Split Testing Landing Pages : The What

This will be the first installment of a mini-series of articles on split testing your landing pages. I’ll kind of throw these posts in over time around other posts, so don’t expect them all in a row.

Ok, so we all know how optimization is key, blah blah blah. You’ve heard it a million times before…A/B split testing landing pages is critical for success and optimizing profitability. Rather than babble philosophically about the Why, the practical and useful information is the What. So What exactly should you be split testing? A lot of the things I’ll go over may be obvious to some, but maybe this post will provoke some creative thinking in other areas you can split test on your own pages.

Topics are always easier to explain when examples are provided, so I’m going to use one of my old landing pages to explain split testing. I’m going to use one of my many dating landing pages that targeted “chat room” type keywords (this used to be a huge niche before all advertisers decided the quality was dreadful).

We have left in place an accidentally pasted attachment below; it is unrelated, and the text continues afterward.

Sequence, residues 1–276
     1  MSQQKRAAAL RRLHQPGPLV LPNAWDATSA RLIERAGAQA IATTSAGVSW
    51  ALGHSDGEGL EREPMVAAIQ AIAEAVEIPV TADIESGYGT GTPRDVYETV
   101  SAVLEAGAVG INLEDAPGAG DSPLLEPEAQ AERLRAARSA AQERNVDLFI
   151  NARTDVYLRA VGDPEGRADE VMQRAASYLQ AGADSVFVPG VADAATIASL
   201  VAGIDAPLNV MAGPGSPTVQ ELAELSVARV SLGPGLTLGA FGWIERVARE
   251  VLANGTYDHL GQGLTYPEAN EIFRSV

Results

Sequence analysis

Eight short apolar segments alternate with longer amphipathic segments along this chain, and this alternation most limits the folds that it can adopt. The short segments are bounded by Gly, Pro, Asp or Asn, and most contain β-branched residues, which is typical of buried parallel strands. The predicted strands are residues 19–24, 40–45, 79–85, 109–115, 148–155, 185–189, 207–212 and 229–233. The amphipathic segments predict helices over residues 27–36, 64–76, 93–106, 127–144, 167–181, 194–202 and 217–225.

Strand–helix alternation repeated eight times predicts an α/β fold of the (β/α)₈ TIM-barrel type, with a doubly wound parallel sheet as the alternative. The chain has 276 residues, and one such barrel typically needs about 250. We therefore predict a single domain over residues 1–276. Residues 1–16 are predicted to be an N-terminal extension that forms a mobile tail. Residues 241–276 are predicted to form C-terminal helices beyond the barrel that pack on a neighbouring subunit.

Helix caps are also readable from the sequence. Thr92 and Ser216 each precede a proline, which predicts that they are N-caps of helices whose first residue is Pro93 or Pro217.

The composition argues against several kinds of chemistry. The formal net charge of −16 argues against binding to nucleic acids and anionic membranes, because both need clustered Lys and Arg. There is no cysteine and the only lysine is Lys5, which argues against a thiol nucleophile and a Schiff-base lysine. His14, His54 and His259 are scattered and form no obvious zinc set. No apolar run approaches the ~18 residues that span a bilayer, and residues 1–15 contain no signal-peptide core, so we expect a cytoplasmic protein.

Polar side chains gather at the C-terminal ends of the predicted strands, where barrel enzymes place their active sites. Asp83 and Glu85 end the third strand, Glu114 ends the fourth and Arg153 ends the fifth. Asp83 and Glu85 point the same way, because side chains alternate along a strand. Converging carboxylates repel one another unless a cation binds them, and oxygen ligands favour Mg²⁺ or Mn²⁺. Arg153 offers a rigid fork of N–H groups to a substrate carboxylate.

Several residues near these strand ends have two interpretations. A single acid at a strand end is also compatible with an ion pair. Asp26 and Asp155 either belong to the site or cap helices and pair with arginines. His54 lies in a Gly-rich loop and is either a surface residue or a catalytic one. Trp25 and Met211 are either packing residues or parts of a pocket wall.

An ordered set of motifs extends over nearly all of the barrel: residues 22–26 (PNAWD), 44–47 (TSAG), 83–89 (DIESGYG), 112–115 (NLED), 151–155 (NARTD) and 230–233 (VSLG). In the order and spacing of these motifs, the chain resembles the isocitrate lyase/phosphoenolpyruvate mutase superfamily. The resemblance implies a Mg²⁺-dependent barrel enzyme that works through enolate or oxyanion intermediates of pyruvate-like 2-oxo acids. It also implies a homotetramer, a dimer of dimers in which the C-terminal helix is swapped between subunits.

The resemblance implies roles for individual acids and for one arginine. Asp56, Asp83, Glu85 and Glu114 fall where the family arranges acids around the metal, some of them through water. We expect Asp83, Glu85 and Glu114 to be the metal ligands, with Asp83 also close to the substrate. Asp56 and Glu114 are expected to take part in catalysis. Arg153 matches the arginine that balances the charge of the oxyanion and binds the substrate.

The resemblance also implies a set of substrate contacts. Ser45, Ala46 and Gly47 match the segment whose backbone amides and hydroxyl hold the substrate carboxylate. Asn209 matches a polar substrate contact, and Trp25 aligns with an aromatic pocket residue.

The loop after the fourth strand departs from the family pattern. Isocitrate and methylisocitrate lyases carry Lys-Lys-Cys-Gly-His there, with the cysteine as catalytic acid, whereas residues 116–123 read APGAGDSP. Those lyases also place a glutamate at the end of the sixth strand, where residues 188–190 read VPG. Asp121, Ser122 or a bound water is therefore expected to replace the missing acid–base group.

Click here to see the page.

And quickly before the haters come in,

Back to the show, here’s a smaller screenshot of the page with the areas I’m going to talk about :

Note: you can already see that this page is slightly different than the one in the link. This I just grabbed from the source PSD and shows the original button that was green instead of purple. The purple button won the split test battle.

Note #2: This landing page isn’t perfect by any means, I designed it myself and it never really got out of the “prelim” stages because I ended up just running a Mate1 host&post instead.

Whoa, for being a pretty simple and straightforward landing page, you can see pretty much everything on the page is split testable. Proper optimization goes a bit deeper than just A/B testing the color of a button. Now I’m going to break down each part, and how it can be split tested.

#1 – The Header

So you can see we went with a header that’s going to blend with the Zoosk affiliate offer. They use that same blue, and you can see I pulled their logo to increase the relevance and connection between the landing page and the actual offer. On the right hand side is what we want to split test here, that header text. This very well may be the first thing users read when they hit the page (heat maps would show), so we want it to be extremely relevant to the ad they just clicked. You can also see I was geo-targeting the headline so it would read whatever state they’re in. Here are a few different variations I would split test :

1. 5,934 Singles Chatting in New York (control)
2. Nothing (leave the area blank)
3. 5,934 New York Profiles to Browse
4. 5,934 Singles Chatting Now